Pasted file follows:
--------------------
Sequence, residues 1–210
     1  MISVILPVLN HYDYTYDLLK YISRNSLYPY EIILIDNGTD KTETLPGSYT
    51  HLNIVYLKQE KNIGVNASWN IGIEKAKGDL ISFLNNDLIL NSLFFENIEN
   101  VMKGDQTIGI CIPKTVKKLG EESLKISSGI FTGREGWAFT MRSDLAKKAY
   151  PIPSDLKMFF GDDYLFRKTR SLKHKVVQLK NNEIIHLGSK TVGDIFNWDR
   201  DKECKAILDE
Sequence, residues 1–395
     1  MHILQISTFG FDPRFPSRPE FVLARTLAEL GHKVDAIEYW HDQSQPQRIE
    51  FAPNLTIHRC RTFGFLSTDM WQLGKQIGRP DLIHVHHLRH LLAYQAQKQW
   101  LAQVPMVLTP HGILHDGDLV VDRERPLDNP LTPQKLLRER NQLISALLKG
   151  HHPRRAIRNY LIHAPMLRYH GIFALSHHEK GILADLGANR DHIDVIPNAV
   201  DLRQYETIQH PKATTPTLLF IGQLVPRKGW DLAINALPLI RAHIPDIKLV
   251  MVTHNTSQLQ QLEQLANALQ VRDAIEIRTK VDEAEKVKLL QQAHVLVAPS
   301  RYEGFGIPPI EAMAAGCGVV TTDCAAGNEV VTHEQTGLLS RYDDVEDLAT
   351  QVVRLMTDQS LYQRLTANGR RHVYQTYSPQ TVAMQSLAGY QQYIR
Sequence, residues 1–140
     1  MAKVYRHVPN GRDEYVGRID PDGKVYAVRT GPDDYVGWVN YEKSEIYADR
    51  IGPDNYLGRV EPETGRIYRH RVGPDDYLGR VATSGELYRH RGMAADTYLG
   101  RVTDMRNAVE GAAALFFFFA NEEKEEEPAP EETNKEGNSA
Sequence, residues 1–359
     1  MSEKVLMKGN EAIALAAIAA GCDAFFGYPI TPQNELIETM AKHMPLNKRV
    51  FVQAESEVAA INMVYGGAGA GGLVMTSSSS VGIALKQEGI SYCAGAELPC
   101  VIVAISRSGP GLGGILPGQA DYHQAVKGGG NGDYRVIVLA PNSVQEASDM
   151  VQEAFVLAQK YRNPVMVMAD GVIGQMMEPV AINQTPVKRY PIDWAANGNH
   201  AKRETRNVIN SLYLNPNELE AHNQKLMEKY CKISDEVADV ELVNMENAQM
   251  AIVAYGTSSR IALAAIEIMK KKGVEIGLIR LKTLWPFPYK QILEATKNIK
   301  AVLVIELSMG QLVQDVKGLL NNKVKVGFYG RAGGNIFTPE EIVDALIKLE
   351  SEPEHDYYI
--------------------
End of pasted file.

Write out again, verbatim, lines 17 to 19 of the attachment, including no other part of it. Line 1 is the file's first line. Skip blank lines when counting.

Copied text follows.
     1  MAKVYRHVPN GRDEYVGRID PDGKVYAVRT GPDDYVGWVN YEKSEIYADR
    51  IGPDNYLGRV EPETGRIYRH RVGPDDYLGR VATSGELYRH RGMAADTYLG
   101  RVTDMRNAVE GAAALFFFFA NEEKEEEPAP EETNKEGNSA